Are RNA-Binding Proteins a Breast Cancer Drug Target?

Unfortunately, many molecules which drive cancer development and growth are considered “undruggable.” In short, this means that drugs are unable to bind to or address these molecules due to size, shape, or location. According to Medical XPress, researchers from the University of California San Diego School of Medicine are now working on overcoming this burden in patients with hard-to-treat breast cancer, such as triple-negative breast cancer. In doing this, the researchers are focusing on RNA-binding proteins, which can play a role in gene expression and cellular control. While RNA-binding proteins can be protective, they can also spur tumor growth and development. Thus, researchers believe this could be a new therapeutic target for cancer. Check out the full study findings published in Molecular Cell.

RNA-Binding Proteins

In an unrelated 2021 article published in Genetics and Molecular Biology, the authors describe RNA-binding proteins as:

[having] important functions in the regulation of gene expression. [RNA-binding proteins] play key roles in post-transcriptional processes…such as splicing regulation, mRNA transport and modulation of mRNA translation and decay.

Within this particular study, researchers used the concept of synthetic lethality. To begin, researchers engineered human breast cells to produce too much of a certain cancer-causing or cancer-driving molecule. Next, the researchers searched for cellular vulnerabilities. To do this, they used CRISPR to silence RNA-binding proteins (one at a time) in breast cancer cells. Next, researchers found a total of 57 RNA-binding proteins which can destroy cancerous cells without harming normal, non-cancerous cells.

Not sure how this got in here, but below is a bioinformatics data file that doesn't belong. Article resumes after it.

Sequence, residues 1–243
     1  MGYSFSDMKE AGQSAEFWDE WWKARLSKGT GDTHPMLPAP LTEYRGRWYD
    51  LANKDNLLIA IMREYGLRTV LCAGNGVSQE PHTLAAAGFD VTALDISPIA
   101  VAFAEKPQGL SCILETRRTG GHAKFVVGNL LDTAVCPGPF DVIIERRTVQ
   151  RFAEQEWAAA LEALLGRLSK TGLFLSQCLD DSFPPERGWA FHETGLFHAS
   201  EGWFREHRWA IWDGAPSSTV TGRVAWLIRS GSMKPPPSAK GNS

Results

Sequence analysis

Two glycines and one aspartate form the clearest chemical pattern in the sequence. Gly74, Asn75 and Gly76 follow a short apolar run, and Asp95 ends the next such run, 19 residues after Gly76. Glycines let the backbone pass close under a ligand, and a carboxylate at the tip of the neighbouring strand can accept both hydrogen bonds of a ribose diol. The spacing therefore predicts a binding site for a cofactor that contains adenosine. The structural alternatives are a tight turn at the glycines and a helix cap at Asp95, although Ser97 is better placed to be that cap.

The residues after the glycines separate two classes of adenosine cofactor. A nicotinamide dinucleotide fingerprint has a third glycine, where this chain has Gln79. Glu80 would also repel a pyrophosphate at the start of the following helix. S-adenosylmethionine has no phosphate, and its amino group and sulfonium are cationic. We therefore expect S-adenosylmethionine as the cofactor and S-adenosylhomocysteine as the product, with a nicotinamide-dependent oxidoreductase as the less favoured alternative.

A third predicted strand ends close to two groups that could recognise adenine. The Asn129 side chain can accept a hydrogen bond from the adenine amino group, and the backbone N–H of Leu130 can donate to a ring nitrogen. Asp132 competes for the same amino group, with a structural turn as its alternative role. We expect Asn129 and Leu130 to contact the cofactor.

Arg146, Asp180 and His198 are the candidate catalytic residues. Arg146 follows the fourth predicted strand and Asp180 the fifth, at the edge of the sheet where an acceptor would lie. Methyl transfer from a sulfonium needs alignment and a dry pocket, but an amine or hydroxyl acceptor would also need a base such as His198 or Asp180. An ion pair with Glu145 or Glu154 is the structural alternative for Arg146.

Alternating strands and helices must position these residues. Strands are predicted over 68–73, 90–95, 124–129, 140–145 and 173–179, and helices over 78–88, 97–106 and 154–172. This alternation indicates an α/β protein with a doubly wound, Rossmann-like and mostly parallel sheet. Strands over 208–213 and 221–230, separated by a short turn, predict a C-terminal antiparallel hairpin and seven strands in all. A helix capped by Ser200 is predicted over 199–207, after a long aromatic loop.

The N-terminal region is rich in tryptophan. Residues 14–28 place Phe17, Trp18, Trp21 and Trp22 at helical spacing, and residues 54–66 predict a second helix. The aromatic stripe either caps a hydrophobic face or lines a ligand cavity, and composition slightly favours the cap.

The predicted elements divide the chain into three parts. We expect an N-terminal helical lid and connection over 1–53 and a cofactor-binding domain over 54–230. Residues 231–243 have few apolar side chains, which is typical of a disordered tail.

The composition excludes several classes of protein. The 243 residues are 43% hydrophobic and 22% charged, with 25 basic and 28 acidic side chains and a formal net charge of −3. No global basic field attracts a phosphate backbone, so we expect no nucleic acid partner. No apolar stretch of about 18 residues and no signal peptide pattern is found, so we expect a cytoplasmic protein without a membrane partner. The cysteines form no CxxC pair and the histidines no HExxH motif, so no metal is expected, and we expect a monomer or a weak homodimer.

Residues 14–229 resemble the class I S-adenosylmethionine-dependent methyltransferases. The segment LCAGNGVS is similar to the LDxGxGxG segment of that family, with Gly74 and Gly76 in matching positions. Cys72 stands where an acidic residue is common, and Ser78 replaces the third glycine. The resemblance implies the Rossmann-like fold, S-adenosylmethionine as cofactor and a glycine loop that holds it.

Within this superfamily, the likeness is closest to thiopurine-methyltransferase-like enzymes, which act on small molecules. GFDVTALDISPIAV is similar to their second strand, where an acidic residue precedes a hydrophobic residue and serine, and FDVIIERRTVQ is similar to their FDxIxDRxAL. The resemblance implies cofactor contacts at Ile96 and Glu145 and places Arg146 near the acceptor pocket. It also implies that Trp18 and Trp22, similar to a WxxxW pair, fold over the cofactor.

After evaluating these 57 proteins, researchers determined that YTHDF2 was the best drug target. Next, the researchers used CRISPR to remove YTHDF2 from mice models of triple-negative breast cancer. To develop these models, researchers transplanted human tumors into the mice. Removing YTHDF2 showed promise. In fact, the tumor size decreased by around 10x.

Surveying Targets by APOBEC-Mediated Profiling (STAMP)

The researchers also developed Surveying Targets by APOBEC-Mediated Profiling (STAMP), a technique allowing researchers to understand how RNA molecules and RNA-binding proteins are interrelated. Through STAMP, researchers were able to understand how breast cancer cells act with (and without) YTHDF2. Findings included:

  • Breast cancer cells without enough YTHDF2 died through cellular apoptosis. Overall, this helps prevent or inhibit tumor formation.
  • Mice models lacking YTHDF2 had no tumors and were relatively healthy. As a result, researchers believe that YTHDF2 inhibitors would be safe as a potential treatment option.

Breast Cancer

While there is no definitive cause for breast cancer, medical professionals understand that abnormal (cancerous) cells begin to proliferate in breast tissue. However, an estimated 10% of breast cancer diagnoses stem from BRCA1 or BRCA2 gene mutations. For example, up to 45% of females with BRCA2 mutations develop breast cancer before 70 years old. While breast cancer is the 2nd most common female cancer, it may also affect males. Other risk factors include obesity, radiation exposure, alcohol use, menstruating early or going through menopause late, or never having been pregnant.

As described above, another form of breast cancer is triple-negative. BreastCancer.org describes triple-negative breast cancer as:

cancer that tests negative for estrogen receptors, progesterone receptors, and excess HER2 protein. These results mean the growth of the cancer is not fueled by the hormones estrogen and progesterone, or by the HER2 protein, [and] does not respond to hormonal therapy medicines or medicines that target HER2 protein receptors.

Unlike other forms of breast cancer, triple-negative breast cancer is often aggressive, associated with poorer prognoses, and higher-grade.

Symptoms of breast cancer include:

  • A lump in breast tissue
  • Inverted nipples
  • Breast skin irritation or dimpling
  • Abnormal nipple discharge
  • Change in breast size, shape, or appearance
  • Breast skin pitting, peeling, scaling, crusting, redness, or flakiness
  • Swollen lymph nodes
  • Nipple pain

Learn more about breast cancer.

Jessica Lynn

Jessica Lynn

Jessica Lynn has an educational background in writing and marketing. She firmly believes in the power of writing in amplifying voices, and looks forward to doing so for the rare disease community.

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